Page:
by Matthew Valeta, Health Policy Analyst

The Affordable Care Act is working as intended. Before the ACA, rates were increasing at an average of 8% in the individual market and 4.6% in the small group market from 2007 to 2012. For next year we know that individual plans are on average only increasing 0.71% and small group plans are going up by 2.54%.  Overall, this is only a 1.18% increase in rates from 2014 to 2015.


Coloradans should be celebrating our incredibly competitive marketplace, Connect for Health Colorado. Besides being far below the historical average rate of premium growth in Colorado, the growth in Colorado’s premiums is also below the average rate increase from other states that set up state-based marketplaces including California (4.2%) and New York (5.7%).

Why are these rates lower?

First, Connect for Health Colorado is one of the most competitive marketplaces in the nation with 10 insurance companies selling plans in the individual market. In order to attract your business, they have to be able to compete on price.

Second, carriers have been working with health care providers to develop more affordable health insurance options. These efforts especially paid of in Colorado’s mountain communities this year.

Finally, insurance companies are also offering affordable prices through ‘narrow network’ or ‘value’ plans. If you can navigate a plan that has a smaller network these plans are one way to save money on your premiums.

Shop until you drop

All this good news means you had better shop to make sure you are getting a good deal. The numbers above are averages and you want to make sure that your plan fits your health and financial needs. Whether or not your premiums are going to change next year depends on the specific plan you enrolled in.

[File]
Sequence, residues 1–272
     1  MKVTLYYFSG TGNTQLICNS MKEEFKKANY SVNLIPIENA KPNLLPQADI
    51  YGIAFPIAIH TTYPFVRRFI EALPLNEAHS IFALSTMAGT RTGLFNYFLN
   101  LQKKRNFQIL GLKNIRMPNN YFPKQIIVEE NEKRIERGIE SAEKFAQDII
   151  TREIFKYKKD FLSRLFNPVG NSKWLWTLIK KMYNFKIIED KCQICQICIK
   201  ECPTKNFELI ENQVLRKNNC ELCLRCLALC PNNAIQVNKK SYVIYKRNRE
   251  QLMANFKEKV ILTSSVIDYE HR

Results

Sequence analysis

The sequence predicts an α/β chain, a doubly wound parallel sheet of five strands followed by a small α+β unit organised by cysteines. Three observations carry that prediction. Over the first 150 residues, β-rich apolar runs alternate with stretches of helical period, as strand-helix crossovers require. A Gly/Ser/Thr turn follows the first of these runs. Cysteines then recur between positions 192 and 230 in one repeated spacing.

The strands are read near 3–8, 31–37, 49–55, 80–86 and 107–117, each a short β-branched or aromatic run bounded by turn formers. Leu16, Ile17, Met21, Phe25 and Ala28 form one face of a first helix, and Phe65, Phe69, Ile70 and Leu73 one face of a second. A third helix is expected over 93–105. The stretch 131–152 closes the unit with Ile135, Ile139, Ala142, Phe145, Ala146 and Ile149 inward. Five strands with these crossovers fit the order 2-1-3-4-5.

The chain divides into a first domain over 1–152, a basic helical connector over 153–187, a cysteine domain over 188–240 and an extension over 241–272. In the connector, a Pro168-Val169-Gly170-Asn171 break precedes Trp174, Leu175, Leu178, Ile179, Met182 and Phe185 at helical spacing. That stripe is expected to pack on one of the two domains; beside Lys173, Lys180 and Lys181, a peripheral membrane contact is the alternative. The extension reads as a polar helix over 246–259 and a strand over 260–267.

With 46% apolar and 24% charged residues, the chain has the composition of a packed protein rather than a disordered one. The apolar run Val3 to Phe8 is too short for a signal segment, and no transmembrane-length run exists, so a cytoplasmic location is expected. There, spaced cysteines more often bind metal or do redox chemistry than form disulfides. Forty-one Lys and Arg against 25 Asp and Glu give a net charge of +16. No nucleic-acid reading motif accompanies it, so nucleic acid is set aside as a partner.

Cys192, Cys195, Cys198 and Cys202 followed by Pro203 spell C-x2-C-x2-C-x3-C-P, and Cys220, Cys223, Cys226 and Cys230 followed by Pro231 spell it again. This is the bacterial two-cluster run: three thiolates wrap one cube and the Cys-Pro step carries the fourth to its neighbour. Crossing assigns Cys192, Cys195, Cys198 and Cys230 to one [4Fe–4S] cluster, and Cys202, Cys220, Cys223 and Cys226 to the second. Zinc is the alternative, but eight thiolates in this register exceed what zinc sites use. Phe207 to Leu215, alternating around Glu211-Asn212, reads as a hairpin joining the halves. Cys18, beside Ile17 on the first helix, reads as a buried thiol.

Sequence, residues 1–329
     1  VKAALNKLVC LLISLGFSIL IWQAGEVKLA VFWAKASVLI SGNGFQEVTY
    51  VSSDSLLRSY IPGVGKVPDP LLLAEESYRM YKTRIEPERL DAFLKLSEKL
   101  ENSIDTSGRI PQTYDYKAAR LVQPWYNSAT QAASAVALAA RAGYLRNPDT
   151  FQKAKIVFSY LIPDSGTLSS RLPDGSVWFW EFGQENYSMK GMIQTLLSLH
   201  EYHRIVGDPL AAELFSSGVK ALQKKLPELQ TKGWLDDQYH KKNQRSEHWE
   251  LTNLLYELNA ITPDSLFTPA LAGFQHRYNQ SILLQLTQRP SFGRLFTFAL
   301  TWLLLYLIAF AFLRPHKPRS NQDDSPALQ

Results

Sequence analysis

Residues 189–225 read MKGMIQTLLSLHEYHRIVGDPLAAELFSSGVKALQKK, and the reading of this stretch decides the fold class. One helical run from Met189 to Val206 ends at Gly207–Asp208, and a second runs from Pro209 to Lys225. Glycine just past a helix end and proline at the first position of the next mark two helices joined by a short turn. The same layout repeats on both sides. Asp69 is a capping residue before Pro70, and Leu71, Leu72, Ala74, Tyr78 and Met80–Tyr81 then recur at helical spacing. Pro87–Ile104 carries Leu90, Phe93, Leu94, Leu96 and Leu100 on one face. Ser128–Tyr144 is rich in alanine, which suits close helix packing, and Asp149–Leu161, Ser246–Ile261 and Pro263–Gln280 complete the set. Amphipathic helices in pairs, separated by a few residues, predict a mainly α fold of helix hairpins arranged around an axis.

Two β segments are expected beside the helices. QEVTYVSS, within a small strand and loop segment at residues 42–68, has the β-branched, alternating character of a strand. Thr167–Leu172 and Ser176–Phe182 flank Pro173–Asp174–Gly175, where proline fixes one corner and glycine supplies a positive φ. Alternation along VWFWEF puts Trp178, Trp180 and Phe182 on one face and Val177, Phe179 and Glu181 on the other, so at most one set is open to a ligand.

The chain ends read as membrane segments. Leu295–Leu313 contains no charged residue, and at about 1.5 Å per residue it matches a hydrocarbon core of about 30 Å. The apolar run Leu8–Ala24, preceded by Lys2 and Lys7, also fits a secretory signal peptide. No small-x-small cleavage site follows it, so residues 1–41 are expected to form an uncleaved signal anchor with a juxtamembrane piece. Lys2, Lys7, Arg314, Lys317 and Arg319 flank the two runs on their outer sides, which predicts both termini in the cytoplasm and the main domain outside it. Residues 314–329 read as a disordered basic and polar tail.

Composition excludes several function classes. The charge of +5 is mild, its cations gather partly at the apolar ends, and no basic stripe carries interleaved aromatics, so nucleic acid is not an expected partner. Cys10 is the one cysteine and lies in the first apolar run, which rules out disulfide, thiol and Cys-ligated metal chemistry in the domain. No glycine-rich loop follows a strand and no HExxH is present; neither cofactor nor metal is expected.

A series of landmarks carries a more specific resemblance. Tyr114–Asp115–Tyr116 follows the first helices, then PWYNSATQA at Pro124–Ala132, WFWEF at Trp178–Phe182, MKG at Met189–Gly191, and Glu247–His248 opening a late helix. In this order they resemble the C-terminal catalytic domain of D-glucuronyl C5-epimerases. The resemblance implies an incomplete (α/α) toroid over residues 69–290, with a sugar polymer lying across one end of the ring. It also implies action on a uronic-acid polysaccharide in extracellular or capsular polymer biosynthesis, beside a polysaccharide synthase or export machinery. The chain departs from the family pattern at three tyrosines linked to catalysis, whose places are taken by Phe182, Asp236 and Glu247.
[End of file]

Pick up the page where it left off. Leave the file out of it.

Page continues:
Here are some tips from the Division of Insurance about shopping for a new health insurance plan.

  • Is your doctor or hospital of choice included in the plan’s provider network? Seeing an out-of-network doctor typically is more expensive.
  • Lower premiums often mean higher costs when receiving care. Find out if there is a deductible and how much it is, as well as the out-of-pocket maximum. Determine what you would have to pay for a doctor’s visit.
  • Find out about prescription coverage, especially if you need specific medications.
  • Does the plan cover procedures you may need some day, such as back surgery, ambulance service, MRI scans or knee replacement?
  • Consumers who have questions about their current plans should contact their insurance carrier, Connect for Health Colorado, their insurance broker, or their employer.

Financial Assistance is Changing

Another big reason you’re going to want to shop– financial assistance (the advanced premium tax credits) is changing. Because financial assistance is based on the cost of the second lowest silver plan in a region, when the price of that plan goes down the tax credit goes down. In real dollars, someone earning about $17,000 a year will see their premiums maximum financial assistance change from $342.55 a month to $241.65 a month in 2015. If you received financial assistance in 2014, you NEED to double check and make sure that your plan will still be affordable if the amount of financial assistance you are eligible for changed.

So, here’s a quick primer on what the lowest silver plan looked liked in 2015 and 2014 (before financial assistance). The marketplace opens November 15th. Make sure you’re ready to get a great deal! 

Make sure you check out all the resources put out by the Division of Insurance:

Translate »